Here in Pennsylvania, as is the case in the U.S. as a whole, there are many kids who are on the autism spectrum.
Finding out that one’s child has a developmental disorder, like autism, can be a very difficult moment for a parent. However, it is very important for parents to remember that a child having a developmental disorder does not mean the child cannot have a good and happy childhood and a successful and fulfilling adulthood.
There are many different therapies and aids out there aimed at helping kids with autism deal with the struggles they can face. Now, a challenge that can arise for low income families with children with autism is getting the resources necessary to both provide their child with helpful therapies and aids and ensure their child’s everyday needs are met. Supplemental Security Income benefits may be one option to help address this challenge if the child and the family fall below a certain income and asset level and the child’s autism is severe.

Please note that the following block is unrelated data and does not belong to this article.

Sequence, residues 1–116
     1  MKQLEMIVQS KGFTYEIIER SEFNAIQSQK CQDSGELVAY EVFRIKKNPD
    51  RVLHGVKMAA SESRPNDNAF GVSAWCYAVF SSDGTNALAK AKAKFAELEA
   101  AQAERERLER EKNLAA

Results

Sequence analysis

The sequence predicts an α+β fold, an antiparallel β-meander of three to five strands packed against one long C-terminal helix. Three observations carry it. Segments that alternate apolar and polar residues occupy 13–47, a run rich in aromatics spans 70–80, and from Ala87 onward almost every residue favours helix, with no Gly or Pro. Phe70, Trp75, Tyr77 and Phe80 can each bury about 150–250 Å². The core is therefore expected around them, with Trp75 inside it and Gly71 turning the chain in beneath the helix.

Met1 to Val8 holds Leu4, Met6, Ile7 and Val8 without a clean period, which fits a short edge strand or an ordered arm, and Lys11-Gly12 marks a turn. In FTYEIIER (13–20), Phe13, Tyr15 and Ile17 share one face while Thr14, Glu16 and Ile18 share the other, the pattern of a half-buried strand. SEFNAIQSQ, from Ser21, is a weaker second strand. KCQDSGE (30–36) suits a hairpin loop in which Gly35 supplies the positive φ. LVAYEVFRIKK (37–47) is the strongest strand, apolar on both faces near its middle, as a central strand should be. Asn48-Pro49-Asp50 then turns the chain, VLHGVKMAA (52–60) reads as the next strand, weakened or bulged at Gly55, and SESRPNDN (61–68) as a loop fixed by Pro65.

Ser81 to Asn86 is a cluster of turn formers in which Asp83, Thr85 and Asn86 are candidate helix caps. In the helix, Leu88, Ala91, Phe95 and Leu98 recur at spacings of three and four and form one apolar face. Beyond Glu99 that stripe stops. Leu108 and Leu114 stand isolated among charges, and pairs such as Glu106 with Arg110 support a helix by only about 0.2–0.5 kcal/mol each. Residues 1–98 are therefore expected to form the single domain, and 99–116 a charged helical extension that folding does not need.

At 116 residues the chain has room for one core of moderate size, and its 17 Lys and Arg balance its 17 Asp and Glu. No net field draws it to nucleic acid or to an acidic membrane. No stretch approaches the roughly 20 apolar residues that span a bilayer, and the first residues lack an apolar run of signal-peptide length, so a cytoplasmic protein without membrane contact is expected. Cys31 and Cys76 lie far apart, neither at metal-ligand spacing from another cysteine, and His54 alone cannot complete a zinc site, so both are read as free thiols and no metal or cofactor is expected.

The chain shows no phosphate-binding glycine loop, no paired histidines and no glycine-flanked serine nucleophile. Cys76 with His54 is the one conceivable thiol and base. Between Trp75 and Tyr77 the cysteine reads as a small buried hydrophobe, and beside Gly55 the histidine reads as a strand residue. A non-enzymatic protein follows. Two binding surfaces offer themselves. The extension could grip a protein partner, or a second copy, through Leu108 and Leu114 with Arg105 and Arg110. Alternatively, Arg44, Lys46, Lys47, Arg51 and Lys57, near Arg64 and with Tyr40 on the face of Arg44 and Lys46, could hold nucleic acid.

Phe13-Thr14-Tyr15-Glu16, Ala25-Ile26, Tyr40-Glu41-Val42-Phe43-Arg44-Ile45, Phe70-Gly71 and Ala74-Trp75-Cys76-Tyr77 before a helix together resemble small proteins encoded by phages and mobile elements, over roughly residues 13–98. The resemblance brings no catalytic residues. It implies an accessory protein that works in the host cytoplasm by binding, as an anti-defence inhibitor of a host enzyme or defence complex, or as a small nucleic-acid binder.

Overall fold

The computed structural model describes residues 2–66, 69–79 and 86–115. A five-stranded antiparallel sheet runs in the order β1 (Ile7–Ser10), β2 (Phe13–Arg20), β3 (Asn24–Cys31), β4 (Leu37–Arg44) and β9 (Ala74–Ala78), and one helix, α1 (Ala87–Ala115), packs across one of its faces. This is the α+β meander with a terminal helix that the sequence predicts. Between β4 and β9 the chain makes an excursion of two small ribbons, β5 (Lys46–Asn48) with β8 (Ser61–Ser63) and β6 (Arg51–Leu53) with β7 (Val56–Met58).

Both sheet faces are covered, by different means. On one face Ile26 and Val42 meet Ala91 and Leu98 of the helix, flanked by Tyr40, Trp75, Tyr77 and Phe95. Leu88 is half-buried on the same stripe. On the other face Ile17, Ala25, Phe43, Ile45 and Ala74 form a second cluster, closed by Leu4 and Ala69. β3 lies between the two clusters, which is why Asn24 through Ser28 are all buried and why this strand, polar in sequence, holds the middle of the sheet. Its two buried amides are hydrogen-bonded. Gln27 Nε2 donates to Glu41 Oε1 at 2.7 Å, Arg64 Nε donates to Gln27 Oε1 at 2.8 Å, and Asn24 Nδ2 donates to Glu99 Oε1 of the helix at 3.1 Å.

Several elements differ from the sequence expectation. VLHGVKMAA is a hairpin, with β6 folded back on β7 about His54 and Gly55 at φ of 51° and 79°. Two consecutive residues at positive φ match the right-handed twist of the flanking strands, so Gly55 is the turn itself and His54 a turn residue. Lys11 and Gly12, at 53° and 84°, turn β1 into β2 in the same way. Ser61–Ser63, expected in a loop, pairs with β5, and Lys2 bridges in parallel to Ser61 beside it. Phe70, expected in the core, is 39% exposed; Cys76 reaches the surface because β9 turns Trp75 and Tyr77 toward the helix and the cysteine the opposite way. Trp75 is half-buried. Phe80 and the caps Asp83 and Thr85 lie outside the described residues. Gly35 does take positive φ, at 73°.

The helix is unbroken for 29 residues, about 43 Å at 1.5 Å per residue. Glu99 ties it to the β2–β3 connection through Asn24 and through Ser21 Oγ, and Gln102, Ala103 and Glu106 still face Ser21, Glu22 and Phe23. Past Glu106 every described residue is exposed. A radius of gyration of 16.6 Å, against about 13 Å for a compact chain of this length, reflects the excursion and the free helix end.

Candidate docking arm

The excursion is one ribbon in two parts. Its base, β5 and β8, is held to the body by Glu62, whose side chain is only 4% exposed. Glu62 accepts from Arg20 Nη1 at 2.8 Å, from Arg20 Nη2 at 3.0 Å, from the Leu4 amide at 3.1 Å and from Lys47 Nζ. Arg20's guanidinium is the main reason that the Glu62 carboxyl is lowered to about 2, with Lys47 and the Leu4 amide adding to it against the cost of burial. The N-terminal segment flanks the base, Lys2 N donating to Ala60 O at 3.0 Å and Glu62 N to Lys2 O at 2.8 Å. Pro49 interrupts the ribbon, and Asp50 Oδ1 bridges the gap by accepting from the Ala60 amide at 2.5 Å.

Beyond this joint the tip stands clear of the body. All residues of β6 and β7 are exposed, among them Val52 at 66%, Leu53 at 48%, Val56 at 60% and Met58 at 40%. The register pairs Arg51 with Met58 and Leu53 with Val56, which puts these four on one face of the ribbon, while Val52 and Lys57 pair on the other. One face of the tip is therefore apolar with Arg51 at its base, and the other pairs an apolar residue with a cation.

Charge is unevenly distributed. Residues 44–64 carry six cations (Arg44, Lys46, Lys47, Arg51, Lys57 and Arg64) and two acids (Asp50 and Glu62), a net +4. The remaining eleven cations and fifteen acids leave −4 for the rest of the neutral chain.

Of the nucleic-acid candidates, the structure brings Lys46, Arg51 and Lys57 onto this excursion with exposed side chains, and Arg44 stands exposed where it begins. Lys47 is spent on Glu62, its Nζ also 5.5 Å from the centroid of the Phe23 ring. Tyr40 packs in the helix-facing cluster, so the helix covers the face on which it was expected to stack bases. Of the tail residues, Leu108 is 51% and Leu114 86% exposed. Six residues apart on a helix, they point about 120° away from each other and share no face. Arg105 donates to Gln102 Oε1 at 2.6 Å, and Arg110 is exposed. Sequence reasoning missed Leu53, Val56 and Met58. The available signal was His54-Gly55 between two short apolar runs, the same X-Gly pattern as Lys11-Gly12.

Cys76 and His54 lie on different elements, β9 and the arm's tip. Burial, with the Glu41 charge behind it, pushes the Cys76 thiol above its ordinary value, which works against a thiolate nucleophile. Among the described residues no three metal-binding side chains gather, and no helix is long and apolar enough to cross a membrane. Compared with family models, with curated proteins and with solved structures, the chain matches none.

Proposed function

Among the struggles that children with autism can face are difficulties when it comes to the development of social skills. A recent study indicates that something very simple could have social-skill-development benefits for child autism sufferers: having a family pet.
The study looked at 70 families in which a kid with autism was a member. The kids fell between the ages of 8 and 18.
Fifty-seven of these 70 families had some sort of pet. The families varied quite a bit in the types of pets they had. The most common were dogs and cats.
The researchers found that the kids with autism from families with pets exhibited a higher level of social skills than those from families without pets.
Why might having a family pet help a child with autism socially? The researchers postulated that having a bond with a pet may provide a helpful social catalyst for such kids.
What do you think of this study on kids with autism and pets? Do you think that having a family pet can be a valuable thing for the social development of a child on the spectrum?
Source: Disability Scoop, “Pets May Boost Social Skills In Kids With Autism,” Shaun Heasley, Jan. 5, 2015